Another Term for Bernanke? Probably, Which Is Too Bad

by: Tom Lindmark

The debate about whether Ben Bernanke should get another term as Chairman of the Fed is starting to heat up. Yesterday in the New York Times, Nouriel Roubini came out in favor of four more years.

From the Times:

Last week Ben Bernanke appeared before Congress, setting off a discussion over whether the president should reappoint him as chairman of the Federal Reserve when his term ends next January. Mr. Bernanke deserves to be reappointed. Both the conventional and unconventional decisions made by this scholar of the Great Depression prevented the Great Recession of 2008-2009 from turning into the Great Depression 2.0.

Mr. Bernanke understands that in the Great Depression, the collapse of the money supply and the lack of monetary stimulus during contractions worsened the country’s economic free fall. This lesson has paid off. Mr. Bernanke’s decision to keep interest rates low and encourage lending has, for now, averted the L-shaped near depression that seemed highly likely after the financial collapse last fall.

After this endorsement Roubini blasts Bernanke for failures that Roubini believes contributed to the financial crisis and recession and lauds him for the swift and unconventional action he took once he realized the depth of the problems. Despite his criticisms he sticks with his recommendation that Bernanke should get another shot.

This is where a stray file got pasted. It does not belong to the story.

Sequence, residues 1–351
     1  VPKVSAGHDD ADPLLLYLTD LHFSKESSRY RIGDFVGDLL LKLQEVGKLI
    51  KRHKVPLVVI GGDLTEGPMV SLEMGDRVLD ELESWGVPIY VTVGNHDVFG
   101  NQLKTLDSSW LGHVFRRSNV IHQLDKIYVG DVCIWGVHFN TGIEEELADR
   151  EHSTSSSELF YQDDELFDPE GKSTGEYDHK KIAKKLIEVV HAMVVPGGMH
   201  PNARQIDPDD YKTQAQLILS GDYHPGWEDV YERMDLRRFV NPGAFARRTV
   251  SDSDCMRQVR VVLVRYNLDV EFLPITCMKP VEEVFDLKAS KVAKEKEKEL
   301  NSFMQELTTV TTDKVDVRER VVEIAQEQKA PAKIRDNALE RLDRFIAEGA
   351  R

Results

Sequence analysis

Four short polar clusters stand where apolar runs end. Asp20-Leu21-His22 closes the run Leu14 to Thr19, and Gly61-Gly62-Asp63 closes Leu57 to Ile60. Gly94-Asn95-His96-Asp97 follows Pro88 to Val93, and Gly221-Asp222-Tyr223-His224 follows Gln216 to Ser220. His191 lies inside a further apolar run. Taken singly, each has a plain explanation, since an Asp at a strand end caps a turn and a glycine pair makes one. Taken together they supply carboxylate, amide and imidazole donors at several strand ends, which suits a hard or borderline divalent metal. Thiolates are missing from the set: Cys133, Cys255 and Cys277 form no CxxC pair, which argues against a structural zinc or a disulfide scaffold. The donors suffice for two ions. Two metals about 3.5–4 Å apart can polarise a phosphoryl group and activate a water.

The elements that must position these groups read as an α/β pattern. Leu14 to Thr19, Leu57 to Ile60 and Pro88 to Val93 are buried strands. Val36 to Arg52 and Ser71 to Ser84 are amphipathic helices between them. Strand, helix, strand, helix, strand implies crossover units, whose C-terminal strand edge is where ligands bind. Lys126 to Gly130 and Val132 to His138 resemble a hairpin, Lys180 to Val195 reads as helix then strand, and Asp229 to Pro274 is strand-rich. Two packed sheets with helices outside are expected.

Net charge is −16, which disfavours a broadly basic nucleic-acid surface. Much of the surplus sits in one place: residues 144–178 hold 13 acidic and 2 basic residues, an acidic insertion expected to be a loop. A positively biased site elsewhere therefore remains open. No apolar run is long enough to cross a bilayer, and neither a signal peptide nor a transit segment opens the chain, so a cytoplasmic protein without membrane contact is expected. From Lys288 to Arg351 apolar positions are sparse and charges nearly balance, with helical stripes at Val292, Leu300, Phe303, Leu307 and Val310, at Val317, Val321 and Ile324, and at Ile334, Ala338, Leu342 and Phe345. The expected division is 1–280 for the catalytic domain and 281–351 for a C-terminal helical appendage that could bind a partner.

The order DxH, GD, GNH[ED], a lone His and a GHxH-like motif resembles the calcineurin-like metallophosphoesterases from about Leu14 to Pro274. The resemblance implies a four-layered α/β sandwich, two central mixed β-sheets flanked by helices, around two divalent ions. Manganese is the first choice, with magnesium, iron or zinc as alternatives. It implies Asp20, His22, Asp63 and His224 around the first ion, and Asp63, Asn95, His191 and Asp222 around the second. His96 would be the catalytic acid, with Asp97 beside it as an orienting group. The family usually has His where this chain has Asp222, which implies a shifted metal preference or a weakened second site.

Before I step up on the soap box and voice my opinion let me say that in the end Bernanke’s fate is probably going to be sealed one way or the other by how well the economy is doing by year-end. If a recovery, however tenuous, is under way then he probably gets the job. If we don’t get the expected bounce in the third or fourth quarter then his goose is cooked. At that point the mob will be calling for heads on a pike and Bernanke’s will be the most readily available. He may retain the job simply by dint of lucky timing with regard to the economy.

Personally, I would like to see someone else get the job. I can’t get around the huge policy mistakes for which he as a member of the Board of Governors during Greenspan’s tenure must bear some responsibility. His misjudgement of the early warning signs of this recession was equally grievous.

The larger issue to my mind is the jeopardy in which he has placed the Fed’s independence. While too much can be made of that in normal times, I think that we are going to sooner rather than later find ourselves in a position in which some very tough choices must be made between stimulating growth and protecting the solvency of the country. Those times will call for a Fed chairman who is willing to stand up to the political gales and who doesn’t have baggage that can be used to bend him towards the politicians' way. Ben Bernanke has not shown himself to be that sort of man.

For the record, I think he will be reappointed.